Literary subversion provides a way around this. Why should the new content creators play someone else’s game? They own the legal and financial rights now, so they can rewrite the rules, forcing their predecessors to be judged against their standards – a much more appealing prospect, particularly when one is not talented enough to create worthwhile original work of one’s own.
It makes perfect sense. If one cannot create anything of value, one can at least destroy things of value – and the more valuable, the greater one’s powers of destruction. If one will never have a statue put up, one can always tear down statues of others – and the more famous the person, the higher one’s notoriety. By knocking down others, one brings them down to one’s own pitiful level – at least in terms of physical monuments.
Authorship v Content Creation
This highlights the difference between genuine authorship and “content creation,” and why the new content creators behave as they do. Authors do not subvert the expectations around their own works, as undermining their own works and audience would be utterly self-defeating. This, of course, does not apply to the new content creator, who is undermining someone else’s work and audience. Insofar as this is defeating, then it is someone else who suffers that defeat – or appears to. At least initially, the new content creator does not bear the cost of their actions.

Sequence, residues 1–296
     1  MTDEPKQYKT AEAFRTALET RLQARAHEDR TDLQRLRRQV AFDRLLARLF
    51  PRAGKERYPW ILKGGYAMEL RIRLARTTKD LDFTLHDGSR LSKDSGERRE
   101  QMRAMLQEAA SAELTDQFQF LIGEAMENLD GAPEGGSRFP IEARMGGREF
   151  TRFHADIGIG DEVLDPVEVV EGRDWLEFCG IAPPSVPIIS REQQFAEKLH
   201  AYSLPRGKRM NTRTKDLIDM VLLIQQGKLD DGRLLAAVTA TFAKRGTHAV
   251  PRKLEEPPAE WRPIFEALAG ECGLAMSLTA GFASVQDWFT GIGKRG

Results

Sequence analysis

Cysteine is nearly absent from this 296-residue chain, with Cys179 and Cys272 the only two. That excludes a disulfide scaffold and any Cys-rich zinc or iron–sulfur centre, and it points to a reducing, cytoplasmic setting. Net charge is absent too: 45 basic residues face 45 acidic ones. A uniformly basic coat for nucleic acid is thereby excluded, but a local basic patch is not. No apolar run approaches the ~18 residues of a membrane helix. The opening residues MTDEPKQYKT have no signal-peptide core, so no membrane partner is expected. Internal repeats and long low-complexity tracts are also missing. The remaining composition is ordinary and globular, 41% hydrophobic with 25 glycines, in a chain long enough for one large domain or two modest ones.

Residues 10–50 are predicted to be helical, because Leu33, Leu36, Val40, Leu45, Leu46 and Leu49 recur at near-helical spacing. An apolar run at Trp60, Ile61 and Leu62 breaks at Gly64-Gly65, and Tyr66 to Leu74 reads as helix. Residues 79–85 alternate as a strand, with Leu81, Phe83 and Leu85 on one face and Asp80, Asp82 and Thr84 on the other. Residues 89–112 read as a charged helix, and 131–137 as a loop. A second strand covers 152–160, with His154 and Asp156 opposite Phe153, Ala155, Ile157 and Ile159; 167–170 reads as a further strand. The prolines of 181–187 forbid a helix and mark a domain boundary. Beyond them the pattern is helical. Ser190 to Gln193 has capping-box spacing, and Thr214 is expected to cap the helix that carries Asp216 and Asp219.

Literary subversion therefore represents the ultimate exercise of authorial power. By making the fictional world subservient to them, they get to demonstrate their godlike power it, and by making themselves the ultimate arbiter of its lore, they – not the original author – get to define what it is. Indeed, just as consistent character development cannot be permitted, the new content creator must not recognise the fictional world’s existing lore as that would make themselves subservient to it – and to its creator. To recognise their predecessors would mean accepting their artistic subordinance to them. If the new content creator wants the power that comes with literary subversion, they cannot afford to do this.
This is why the new content creators’ writing style takes the form of authorial fiat. Fictions must be treated explicitly as fictions, and changed at a whim. Everything central to a character or storyline must be disregarded, and extraneous details take their place. Having acquired the rights, the new content creator must behave as if they can do whatever they want. Fictions are fictions; they don’t have ‘core traits’ or ‘fundamental natures.’ I don’t need to apologise or explain! They belong to me and I will do whatever I want!
And what is the most powerful gesture they can make? Changing what is to what is not and what is not to what is. Subversion demands it. If one wants to subvert the audience’s expectations, then one has to find out what the audience expects and do the opposite – which brings us back to Chris Fox’s three-stage process.